Thematically – the passage of time, relationships and the inevitable onward, unstoppable march of life permeate “The Lion, The Beast, The Beat”, the new release from Grace Potter and the Nocturnals. It wouldn’t be hard to read this record as a parable of a band on the doorstep of bigger success who may need to leave pieces of the past behind in order to fully face the future. Or maybe it’s just a batch of songs about the age old rock n’ roll themes of breakup and renewal. Either way it retains the well known GPN formula of expansive, guitar driven rock led by the shimmering vocal talents of Grace Potter. This time, however, those elements are supplemented by a funkier bass feel grounded in R&B stylings that includes staccato guitar grooves as well as a plethora of layered electronic keyboard effects that move the sound aggressively and proudly to “today” rather than miring it in the hollowed holes of “yesterday”.

Longtime fans of the rock and roll side of GPN will feel right at home with the opening track, “The Lion, The Beast, The Beat”, with its pounding tribal beat that encourages the listener to “Gas up the easy rider and head out for Nevada” and go along for the ride. This highly revved opener gets throttled back quickly though as the record moves to a set of more contemplative relationship tunes – “Never Go Back” and “Parachute Heart”. Don’t get me wrong, I appreciate the craftsmanship of these tunes and enjoy Dan Auerbach’s contribution to “Never Go Back” – the first single from the record. In fact, “Never Go Back” is one of my favorite songs on the record and I think it helps define the musical ideas of the whole project. Still, the front to back listening experience made me feel like a teenager who just got to second base only to have his parents burst through the basement door to pour cold water on his evening plans.

The powerful ballad “Stars”, however, brings the emotional level right back up with one of the most powerful vocals Grace has ever recorded. Acoustic guitar, piano and the longing cry of a distant slide guitar lead to a chorus that allows Grace to show us why USA Today just called her “The best female rock singer in the country”. Sometimes I imagine a back room of musical marketers and managers concocting an effective formula for introducing a ballad into this mix of songs and arguing about where to place this one. If you do it wrong it simply sounds like a placeholder, “Stars” is anything but – it almost soars off the speakers on its own.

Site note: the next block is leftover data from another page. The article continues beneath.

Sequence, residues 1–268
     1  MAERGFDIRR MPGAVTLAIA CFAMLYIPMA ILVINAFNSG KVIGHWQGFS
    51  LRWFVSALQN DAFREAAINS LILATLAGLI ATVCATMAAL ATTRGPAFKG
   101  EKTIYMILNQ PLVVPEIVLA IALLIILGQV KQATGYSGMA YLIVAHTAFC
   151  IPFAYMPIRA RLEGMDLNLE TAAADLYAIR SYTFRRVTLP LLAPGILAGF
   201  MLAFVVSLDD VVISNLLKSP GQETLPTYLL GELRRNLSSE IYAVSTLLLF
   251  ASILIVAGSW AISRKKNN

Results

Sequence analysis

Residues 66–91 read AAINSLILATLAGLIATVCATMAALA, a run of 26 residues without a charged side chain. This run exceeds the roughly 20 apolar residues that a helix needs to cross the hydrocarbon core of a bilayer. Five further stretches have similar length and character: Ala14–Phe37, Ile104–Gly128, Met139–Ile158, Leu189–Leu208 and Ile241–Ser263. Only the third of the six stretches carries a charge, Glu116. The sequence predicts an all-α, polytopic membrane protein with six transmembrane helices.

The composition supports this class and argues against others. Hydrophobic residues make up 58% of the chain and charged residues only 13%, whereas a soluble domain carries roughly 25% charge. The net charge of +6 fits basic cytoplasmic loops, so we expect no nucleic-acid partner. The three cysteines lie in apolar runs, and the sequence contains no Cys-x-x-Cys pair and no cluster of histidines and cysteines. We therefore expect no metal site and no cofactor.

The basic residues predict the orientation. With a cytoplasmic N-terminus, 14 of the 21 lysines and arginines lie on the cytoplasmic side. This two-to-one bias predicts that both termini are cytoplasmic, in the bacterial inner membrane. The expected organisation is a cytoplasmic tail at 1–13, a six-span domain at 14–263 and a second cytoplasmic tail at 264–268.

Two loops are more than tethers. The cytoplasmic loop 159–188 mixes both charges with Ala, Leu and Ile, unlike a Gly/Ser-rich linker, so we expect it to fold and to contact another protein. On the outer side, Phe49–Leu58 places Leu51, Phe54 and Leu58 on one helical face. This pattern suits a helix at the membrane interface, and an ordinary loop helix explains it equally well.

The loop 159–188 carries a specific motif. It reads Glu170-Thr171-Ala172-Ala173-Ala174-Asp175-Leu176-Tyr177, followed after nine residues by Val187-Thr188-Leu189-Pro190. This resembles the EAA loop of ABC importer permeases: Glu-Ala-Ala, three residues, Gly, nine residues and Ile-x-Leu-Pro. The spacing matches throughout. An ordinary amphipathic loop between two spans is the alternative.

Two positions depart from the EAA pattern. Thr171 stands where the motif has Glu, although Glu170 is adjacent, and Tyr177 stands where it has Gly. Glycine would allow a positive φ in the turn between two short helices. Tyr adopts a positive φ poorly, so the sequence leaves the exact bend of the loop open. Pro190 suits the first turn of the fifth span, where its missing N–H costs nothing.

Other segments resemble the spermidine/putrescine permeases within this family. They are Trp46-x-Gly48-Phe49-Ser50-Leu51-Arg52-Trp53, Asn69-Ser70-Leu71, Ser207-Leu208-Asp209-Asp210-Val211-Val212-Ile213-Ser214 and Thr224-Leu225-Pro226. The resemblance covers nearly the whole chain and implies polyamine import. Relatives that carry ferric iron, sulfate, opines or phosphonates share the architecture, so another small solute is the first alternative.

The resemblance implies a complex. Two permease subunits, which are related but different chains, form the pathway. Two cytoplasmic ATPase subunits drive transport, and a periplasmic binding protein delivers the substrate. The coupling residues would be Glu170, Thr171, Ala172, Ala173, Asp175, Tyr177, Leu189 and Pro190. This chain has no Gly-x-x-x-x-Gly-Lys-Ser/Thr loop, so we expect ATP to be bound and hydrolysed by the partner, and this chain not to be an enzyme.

“Timekeeper” plays directly on the albums themes by suggesting that “Before the beast can get away, there goes another day”. It’s tick tock tones add strong counter points to the songs lyrical content and reinforce the concept of no time to waste.

For me, “Loneliest Soul” is the song that best imagines the musical place Grace and the Nocs are driving to on this record. Ultra double funky baseline with a keyboard back beat and a repeated “Na na na na” chorus. Does it sound cheesy? It’s not – I love this song. Inventive, fun, danceable. The hell – I must be a Beyonce fan!

The next four tunes, “Turntable”, “Keepsake”, “Runaway” and “One Heart Missing” continue to add new elements of layered keyboards and show a strong R&B influence that threatens to push the rock guitar down a notch in importance. Not that that’s a bad thing, I’m enjoying the new layers of sophistication that are added throughout the record – I don’t need a screaming solo slotted in after every second verse to understand where this is all going. A few times I wondered when the horns were gonna come in and found myself disappointed that they didn’t. Even within the boundaries of recorded experimentation you can hear places that you know will allow the band to open up and lay some loud whoop ass down when playing these live. The final guitar solo on “Runaway” and the driving funk of “Turntable” are great examples of these ideas.

The final track “The Divide” brings the emotional feel of “The Lion, The Beast, The Beat” back to the forefront while it mimics the propulsive jam effect of an old classic song like “Stop The Bus” to ask the question – “If I don’t go how will I ever know what’s on the other side”? That line right there is the one isn’t it? The last two years has brought huge changes for the band and for Grace Potter specifically. Let’s call it “DisneyChesney” for shorthand purposes shall we? As opportunities arise, and they will, to participate in new projects, to play with more people to “Say Yes” (a phrase many of my longtime readers will relate to) what’s the best course of action? I know what the OWD’s (Old White Dudes) want Grace to do. Stay in a box, play the stuff “we” like don’t change. On “The Lion, The Beast, The Beat” Grace Potter and the Nocturals show that they are not interested in staying static.

If, as music lovers, we can believe that songs are an outlet for the soul and the individual spirit then I think we’re hearing a different answer, a different direction. “Gas up the easy rider”, pay attention to the lion, the beast and keep driving to the beat. After all – “If I don’t go how will I ever know what’s on the other side”?